Too much time on his hands
The closest I’ve ever gotten to time travel occurred with the end of this year’s Daylight Saving Time. The whole “‘spring’ forward, ‘fall’ back” mnemonic has long been lost on me. Given my love of wine, I tend to “fall forward” and, most the time, “spring back,” though sometimes after the party is over.
If said party were in space and was traveling at the speed of light, one might use Einstein’s theory of special relativity to describe the sensation of what seems a momentary lack of consciousness as, “time dilation” or E=Merlot?.
At some point on the eve of the end of Daylight Saving Time, I set my clock – and my alarm – forward an hour. Consequently, I awoke before my wife and son (slackers!) and spent a Sunday morning in a cozy contemplative haze, now two hours ahead of schedule. I busied myself by setting all the clocks in the house forward. I then watched the 8:30 a.m. sunrise, which I thought was rather late but figured, it’s “Sunday,” so the sun is entitled, right? Besides, I never met a deadline I didn’t miss, so who am I to pass judgment on another star?
When everyone else finally awoke, I was informed of my mistake and was summarily commanded to correct all the clocks.
The analog clocks required only the slightest roll of my thumb and forefinger to get right. I’d spent a youthful summer being arty and rolling cigarettes, so I had that motion nailed. It was the digital clocks that gave me hell. I cannot recall how many times I passed by the desired digit doing the a.m./p.m. dance, but it was enough to make me consider a campaign for military time.
It was after this process that I realized I had effectively traveled back in time. I could relive the past two hours, but this time with total mastery. After all, what were the last 120 minutes but a dress rehearsal? I knew what to expect. Nothing. Because that’s pretty much what I did. If I’d known I’d be getting two hours back, I’d have happily swapped them for the couple I lost watching “Waterworld” back in ’95.
Physicist and author Brian Greene has been making the public radio rounds plugging the paperback of, “The Hidden Reality: Parallel Universes and the Deep Laws of the Cosmos,” as well as a new PBS special. In the book, he surmises that time travel is possible insomuch as one might theoretically travel to a parallel universe that appears like the past.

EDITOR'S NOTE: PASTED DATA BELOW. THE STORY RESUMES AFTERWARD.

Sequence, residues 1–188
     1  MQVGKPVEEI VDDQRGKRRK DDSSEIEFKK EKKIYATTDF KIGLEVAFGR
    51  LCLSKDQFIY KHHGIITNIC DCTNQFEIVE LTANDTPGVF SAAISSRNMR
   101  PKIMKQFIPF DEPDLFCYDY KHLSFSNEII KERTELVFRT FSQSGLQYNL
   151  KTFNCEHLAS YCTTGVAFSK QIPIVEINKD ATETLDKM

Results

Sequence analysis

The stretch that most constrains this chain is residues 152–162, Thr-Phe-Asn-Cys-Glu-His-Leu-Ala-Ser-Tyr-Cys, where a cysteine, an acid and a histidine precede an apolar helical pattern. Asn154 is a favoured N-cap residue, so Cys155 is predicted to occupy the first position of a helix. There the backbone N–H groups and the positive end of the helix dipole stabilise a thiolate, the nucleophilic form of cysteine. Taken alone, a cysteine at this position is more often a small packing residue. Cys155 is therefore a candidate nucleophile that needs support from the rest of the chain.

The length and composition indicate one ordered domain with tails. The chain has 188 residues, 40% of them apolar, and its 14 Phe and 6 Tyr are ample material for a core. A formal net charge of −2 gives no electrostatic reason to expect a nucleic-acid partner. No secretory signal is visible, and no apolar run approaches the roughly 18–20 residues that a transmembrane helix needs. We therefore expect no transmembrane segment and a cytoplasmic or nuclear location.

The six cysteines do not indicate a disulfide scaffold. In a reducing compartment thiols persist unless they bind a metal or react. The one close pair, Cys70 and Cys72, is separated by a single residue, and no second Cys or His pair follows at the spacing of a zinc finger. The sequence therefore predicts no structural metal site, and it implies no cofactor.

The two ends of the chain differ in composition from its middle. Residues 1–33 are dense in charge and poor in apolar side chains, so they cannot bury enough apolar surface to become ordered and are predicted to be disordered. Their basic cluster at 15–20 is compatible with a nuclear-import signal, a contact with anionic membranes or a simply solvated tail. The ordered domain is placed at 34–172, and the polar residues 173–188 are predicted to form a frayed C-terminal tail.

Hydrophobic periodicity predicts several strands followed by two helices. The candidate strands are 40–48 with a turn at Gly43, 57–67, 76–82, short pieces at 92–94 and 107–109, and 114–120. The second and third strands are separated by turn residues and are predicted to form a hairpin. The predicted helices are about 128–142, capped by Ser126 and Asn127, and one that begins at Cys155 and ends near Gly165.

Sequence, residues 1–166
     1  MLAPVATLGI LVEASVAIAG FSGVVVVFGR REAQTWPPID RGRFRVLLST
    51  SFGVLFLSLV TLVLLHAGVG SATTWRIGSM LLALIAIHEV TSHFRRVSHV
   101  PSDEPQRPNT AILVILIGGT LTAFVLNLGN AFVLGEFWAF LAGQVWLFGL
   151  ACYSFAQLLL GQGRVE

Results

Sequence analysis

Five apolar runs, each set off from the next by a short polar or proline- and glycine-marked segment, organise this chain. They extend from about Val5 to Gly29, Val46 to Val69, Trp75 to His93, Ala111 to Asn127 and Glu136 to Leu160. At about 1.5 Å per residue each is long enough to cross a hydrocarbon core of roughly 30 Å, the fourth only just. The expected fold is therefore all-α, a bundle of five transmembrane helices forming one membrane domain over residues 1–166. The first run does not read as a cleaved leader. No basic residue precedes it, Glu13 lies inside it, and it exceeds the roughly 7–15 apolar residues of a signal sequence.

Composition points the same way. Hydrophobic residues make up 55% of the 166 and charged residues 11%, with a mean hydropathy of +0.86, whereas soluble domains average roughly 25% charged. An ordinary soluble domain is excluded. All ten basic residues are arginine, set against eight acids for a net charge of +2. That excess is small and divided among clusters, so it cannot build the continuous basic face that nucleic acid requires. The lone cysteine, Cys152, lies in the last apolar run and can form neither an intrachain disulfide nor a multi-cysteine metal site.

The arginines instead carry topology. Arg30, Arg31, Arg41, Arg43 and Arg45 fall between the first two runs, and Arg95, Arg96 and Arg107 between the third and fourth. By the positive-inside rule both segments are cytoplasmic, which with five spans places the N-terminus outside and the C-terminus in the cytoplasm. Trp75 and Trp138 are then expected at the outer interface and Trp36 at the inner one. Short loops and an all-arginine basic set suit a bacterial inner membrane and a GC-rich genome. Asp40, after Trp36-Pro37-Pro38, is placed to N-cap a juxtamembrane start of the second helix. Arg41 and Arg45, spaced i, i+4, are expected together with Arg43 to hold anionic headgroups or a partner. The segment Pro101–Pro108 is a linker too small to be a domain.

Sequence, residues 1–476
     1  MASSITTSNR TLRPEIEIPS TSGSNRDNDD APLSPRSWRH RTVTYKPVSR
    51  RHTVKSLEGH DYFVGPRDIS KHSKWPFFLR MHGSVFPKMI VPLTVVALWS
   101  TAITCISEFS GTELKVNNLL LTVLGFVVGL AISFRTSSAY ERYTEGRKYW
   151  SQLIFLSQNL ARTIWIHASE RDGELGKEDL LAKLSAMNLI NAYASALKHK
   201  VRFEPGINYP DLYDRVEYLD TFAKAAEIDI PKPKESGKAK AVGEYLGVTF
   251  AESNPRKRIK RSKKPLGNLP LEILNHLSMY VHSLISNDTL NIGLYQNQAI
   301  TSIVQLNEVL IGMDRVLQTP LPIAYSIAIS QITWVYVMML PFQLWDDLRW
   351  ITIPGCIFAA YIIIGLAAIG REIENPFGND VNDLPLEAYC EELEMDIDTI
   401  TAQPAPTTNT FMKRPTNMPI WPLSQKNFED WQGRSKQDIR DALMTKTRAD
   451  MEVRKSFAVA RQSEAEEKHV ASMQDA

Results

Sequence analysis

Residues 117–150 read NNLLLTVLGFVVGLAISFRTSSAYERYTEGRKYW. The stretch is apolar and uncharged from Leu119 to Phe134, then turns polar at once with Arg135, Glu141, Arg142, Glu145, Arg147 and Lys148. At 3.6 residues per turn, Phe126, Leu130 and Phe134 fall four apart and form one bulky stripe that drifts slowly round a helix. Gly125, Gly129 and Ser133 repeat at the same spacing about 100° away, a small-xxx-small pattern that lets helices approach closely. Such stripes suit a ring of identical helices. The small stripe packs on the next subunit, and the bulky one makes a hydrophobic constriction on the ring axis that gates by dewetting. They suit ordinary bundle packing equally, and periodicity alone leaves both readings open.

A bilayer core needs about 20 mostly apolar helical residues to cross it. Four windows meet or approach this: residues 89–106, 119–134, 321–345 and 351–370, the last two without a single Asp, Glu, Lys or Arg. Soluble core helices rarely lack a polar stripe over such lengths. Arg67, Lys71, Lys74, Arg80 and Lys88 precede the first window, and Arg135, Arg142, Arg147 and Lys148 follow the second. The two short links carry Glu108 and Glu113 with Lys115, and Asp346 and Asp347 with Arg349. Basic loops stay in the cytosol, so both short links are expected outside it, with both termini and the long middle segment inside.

That’s good enough for me. I fancy myself more of a time-tourist and don’t care to mess with the timeline – I’m wreaking enough havoc on the future, I’m sure.
As a chrononaut, to invoke the lingo, I’m less interested in redressing regrets so much as soaking in the atmosphere of bygone eras. For example, I’d really dig a cup of coffee at Christine’s Cafe in Petaluma, circa 1986. It wasn’t even particularly good coffee but the soul of the city lurked there for a bit and I’d like to revisit the vibe (and perhaps snap the cigarette betwixt the fingers of my younger self). But, alas, that was then, this is 11.11.11, which seems like it might be significant, at least to robots.
In binary code, it’s the decimal equivalent of 63, which might be cool to know if today was your 63rd birthday. Also, if you happened to know this factoid before I pointed it out, you’re probably celebrating alone with online chess. That said, it’s worth reminding that this day is as unique and fleeting as you. We’re eternally springing forward and what falls back are merely memories, poised at the precipice of erasure.
• • •
Time is on Daedalus Howell’s side at FMRL.com.